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Tax Tip 26: Claim interest on a main residence against CGT on sale

Discussion in 'Accounting & Tax' started by Terry_w, 23rd Aug, 2015.

  1. Terry_w

    Terry_w Solicitor, Finance Broker, CTA Business Member

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    Claim interest on a main residence against CGT on sale

    Sometimes a property which has been the main residence for only part of the time held will attract CGT when sold. This may be because

    1. You have moved into a rental property, and/or

    2. Your main residence has been rented out, and/or

    3. You have run a business from your main residence.
    Not many know that interest and other costs which have not been otherwise claimed can be used to reduce the CGT when the property is sold. This includes costs incurred while it was a main residence and not income producing.

    See s 110-15(3) ITAA97 The 3rd element of the cost base of a property:

    Element three: Non-capital costs you incur in connection with your ownership of a property which you acquired post 20 August 1991; for example - interest on money borrowed to acquire an asset, costs of maintaining, repairing or insuring the asset, rates and land tax.

    Don’t forget to include any borrowing costs not already claimed - such as LMI which is often a large expense.
     
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  2. chylld

    chylld Well-Known Member

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    2 questions:

    1) Do "other costs" include fixed utility costs? e.g. flat-rate apartment water fees, or electricity service availability charges? (I assume per-unit usage charges aren't included)

    2) Are these costs factored in:
    a) before the 50% CGT discount (which I assume is used when CGT exemption isn't used)?
    b) after apportioning the total capital gain (between buy and sell) by the % of time the property was used as an IP?

    (If I'm not making any sense with 2b, it's because my accountant said that's how the CG is calculated... but they also wanted valuations when they switched from PPOR to IP... not sure how the valuation factors in)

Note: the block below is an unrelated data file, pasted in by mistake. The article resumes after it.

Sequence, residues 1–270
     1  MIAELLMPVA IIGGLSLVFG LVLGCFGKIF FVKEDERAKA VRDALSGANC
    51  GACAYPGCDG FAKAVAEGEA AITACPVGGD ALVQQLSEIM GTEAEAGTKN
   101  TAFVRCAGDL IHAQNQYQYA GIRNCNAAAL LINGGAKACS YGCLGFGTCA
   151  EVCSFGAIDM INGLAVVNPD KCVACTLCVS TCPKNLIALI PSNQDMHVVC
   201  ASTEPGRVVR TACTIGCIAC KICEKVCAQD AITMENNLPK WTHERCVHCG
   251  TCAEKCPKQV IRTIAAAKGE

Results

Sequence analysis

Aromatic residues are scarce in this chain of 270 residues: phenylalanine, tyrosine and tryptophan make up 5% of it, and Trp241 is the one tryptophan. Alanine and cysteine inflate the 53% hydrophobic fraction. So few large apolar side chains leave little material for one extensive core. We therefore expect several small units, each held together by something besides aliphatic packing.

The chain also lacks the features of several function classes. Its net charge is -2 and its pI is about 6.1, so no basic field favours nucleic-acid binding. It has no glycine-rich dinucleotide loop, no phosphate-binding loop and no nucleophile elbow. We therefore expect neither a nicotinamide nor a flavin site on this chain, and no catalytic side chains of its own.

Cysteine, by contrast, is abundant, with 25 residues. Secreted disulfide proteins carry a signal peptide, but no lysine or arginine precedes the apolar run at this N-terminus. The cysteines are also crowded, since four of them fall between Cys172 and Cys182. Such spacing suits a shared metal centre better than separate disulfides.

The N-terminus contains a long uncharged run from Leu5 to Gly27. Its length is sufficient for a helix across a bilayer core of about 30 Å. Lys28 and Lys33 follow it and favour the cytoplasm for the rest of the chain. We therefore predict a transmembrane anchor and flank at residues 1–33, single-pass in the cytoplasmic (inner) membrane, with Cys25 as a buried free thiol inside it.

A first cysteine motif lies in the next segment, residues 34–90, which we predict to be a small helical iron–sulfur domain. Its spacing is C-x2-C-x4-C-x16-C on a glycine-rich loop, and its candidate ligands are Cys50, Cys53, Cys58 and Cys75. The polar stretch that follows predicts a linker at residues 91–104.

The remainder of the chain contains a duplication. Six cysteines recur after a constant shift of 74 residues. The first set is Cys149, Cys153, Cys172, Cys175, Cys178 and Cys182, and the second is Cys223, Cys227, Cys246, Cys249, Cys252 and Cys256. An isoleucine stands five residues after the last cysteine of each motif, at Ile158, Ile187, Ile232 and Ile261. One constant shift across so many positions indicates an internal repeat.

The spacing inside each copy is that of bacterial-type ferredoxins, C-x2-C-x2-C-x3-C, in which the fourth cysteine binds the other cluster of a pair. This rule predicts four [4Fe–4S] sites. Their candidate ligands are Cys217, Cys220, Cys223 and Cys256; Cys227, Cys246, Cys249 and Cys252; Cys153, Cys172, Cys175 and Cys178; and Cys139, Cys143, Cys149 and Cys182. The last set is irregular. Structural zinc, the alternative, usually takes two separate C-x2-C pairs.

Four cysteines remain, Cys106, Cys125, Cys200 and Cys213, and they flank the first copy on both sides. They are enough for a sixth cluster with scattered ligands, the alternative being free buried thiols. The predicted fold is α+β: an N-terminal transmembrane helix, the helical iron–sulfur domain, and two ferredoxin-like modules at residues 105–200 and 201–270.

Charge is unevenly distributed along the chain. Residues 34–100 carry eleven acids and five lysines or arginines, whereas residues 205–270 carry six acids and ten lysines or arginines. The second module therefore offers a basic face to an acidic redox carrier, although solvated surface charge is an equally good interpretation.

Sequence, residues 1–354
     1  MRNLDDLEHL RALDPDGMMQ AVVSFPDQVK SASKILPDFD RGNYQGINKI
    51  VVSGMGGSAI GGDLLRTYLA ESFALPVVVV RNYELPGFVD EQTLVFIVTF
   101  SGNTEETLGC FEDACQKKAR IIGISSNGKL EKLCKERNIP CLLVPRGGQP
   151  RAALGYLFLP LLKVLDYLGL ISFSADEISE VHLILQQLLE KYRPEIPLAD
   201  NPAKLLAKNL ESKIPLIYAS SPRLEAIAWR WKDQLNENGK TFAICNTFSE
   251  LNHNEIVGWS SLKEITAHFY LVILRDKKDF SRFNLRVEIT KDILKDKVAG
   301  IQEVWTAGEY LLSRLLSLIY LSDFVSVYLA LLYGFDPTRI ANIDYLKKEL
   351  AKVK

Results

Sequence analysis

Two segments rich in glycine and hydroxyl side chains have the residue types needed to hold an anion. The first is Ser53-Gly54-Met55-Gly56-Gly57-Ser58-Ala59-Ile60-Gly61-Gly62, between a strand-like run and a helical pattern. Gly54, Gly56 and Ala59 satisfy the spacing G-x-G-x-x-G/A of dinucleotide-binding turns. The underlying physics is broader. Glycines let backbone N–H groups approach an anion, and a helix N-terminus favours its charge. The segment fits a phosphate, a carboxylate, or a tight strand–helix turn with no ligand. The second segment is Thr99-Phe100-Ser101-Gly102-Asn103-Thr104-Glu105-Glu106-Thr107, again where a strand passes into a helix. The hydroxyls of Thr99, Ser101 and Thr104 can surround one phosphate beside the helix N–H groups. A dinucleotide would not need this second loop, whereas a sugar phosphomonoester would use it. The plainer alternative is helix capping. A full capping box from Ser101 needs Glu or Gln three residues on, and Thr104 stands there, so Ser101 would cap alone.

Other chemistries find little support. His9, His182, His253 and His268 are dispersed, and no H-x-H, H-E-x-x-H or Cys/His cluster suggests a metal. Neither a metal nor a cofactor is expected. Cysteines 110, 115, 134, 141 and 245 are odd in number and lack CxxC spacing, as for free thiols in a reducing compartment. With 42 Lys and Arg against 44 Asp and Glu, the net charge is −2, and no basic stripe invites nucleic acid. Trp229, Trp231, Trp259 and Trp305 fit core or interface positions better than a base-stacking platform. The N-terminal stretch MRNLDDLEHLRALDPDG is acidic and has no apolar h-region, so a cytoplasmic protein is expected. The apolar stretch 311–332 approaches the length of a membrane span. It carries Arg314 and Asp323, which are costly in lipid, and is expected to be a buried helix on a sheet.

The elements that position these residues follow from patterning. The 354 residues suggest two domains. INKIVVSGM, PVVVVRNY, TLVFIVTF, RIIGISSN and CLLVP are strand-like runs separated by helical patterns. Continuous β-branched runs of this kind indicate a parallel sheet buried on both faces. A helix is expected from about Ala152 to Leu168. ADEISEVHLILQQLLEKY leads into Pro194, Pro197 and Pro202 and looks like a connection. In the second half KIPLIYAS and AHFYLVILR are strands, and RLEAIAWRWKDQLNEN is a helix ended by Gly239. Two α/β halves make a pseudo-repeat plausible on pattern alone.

3. Terry_w

    Terry_w Solicitor, Finance Broker, CTA Business Member

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    1 - costs of maintaining, repairing or insuring the property would be included. Don't think utilities would apply

    2a before
    b before
     
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  4. Paul@PFI

    Paul@PFI Tax Accounting + SMSF Business Member

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    Take care - There are many issues that can affect which costs can be included or not included.
    eg
    - If property has been subject to s118-192 at any time
    - Property previously subject to a marital split
    - Residency / Non-residency changes
    - Changes to the site eg : Building a duplex or a dev)
    - On large areas of land : If the land is not adjacent to the main residence perhaps.
    - Adjustments for capital allowances and depreciation previously claimed can alter the cost base

    The whole issue of CGT is very complex and its not uncommon that DIY taxpayers get it wrong...Both under or over. For example I wish I had a dollar for every taxpayer who has c/fwd losses who thinks they can work out the cap gain then halve it ....then deduct the losses.